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What are the Different Nanny Jobs?

Tricia Christensen
By
Updated May 17, 2024
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The nanny is a person who cares for children, usually at the children’s home. A child minder cares for kids at the minder’s home, but this distinction isn’t always used. Nannies frequently only work for one family at a time but some jobs have short enough hours that employment with two or more families could be possible. There are many different types of nanny jobs that can have varying responsibilities, hours, and living arrangements.

The standard nanny, once called a nurse, cares for children for the majority of the day and lives in the child’s home in his or her own private accommodations. This is also called a live-in nanny. Since part of the benefit of the job may be having living quarters on site, part of the pay may reflect the fact that room and board are included. Still live-in nanny jobs can be highly paid when people are expected to work very long hours, and there are some specialized live-in jobs that include caring for infants or supporting mothers with newborns, sometimes called postpartum doulas.

Other nanny jobs do not include living in the child’s home. Instead nannies can come to a home for a set amount of hours each day to provide childcare. This could be done on a regular basis, on an emergency basis or on a daily basis. Some live-out nannies are only present at certain times of the day when parents might most need someone to take over. For instance, nannies might just be needed to get kids ready for school, to transport them to school and to pick them up after school.

Another of the nanny jobs is housekeeper nanny. Though principal work may require caring for children, housekeeper nannies will usually do at least light housework, and some do even more. They might need to prepare meals, take care of kids, grocery shop, and keep homes clean. As virtually every mother and father knows, getting chores and errands done while taking care of kids is difficult work, and housekeeper nanny jobs usually aren’t that popular unless the pay is very high. Making sure kids are adequately watched or entertained so that chores can be completed can make this job hard to perform, but those willing to take on this work may have an easier time finding nanny jobs.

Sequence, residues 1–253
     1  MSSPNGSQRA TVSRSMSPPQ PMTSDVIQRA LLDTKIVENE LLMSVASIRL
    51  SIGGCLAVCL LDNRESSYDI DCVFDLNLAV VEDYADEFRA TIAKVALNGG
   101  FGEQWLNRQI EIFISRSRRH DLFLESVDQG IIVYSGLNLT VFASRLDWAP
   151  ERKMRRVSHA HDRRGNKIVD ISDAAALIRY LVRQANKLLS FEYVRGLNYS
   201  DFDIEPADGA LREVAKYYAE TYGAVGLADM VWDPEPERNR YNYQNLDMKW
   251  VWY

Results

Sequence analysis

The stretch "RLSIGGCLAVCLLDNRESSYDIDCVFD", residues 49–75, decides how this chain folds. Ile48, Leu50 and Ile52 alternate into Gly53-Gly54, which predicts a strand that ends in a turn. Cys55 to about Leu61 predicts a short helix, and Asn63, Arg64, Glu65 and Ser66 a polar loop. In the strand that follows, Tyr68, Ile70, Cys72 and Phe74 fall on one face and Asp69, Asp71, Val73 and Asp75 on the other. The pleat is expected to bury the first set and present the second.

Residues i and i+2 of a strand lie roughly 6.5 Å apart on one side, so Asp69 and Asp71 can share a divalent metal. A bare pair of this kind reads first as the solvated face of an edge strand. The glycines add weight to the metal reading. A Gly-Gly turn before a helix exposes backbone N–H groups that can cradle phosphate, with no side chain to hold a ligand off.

Lots of different training exists for nanny jobs, but people entering this field of employment may not have any. It isn’t a bad idea to take some classes in childcare and early childhood education, at minimum, and to have some experience working as a babysitter with references from parents. Those who enjoy working with children and who have a little experience can find many different nanny working arrangements if they’d like to work in this field. Work can be enjoyable and/or demanding depending on each precise circumstance in which a nanny works.

WiseGeek is dedicated to providing accurate and trustworthy information. We carefully select reputable sources and employ a rigorous fact-checking process to maintain the highest standards. To learn more about our commitment to accuracy, read our editorial process.
Tricia Christensen
By Tricia Christensen
With a Literature degree from Sonoma State University and years of experience as a WiseGeek contributor, Tricia Christensen is based in Northern California and brings a wealth of knowledge and passion to her writing. Her wide-ranging interests include reading, writing, medicine, art, film, history, politics, ethics, and religion, all of which she incorporates into her informative articles. Tricia is currently working on her first novel.
Discussion Comments
By Spotiche5 — On Apr 23, 2014

@heavanet- Your friend is off to a good start to find nanny jobs with her love for children and experience as a daycare provider. She should start her search for a nanny job by getting letters of recommendation from her current employer. If possible, she should also get several parents of children that she has worked with to write reference letters.

Though it is possible to find a job as a nanny without any formal training, you may want to suggest to your friend that she take several child care classes. This type of training would be an added bonus to the experience working with children that she already has.

By Heavanet — On Apr 22, 2014

Does anyone know if working as a daycare provider qualifies a person to work as a nanny? I have a friend who wants to switch from working in a child daycare center to a nanny, but she doesn't have any specific training. She is great with kids, though.

Tricia Christensen
Tricia Christensen
With a Literature degree from Sonoma State University and years of experience as a WiseGeek contributor, Tricia...
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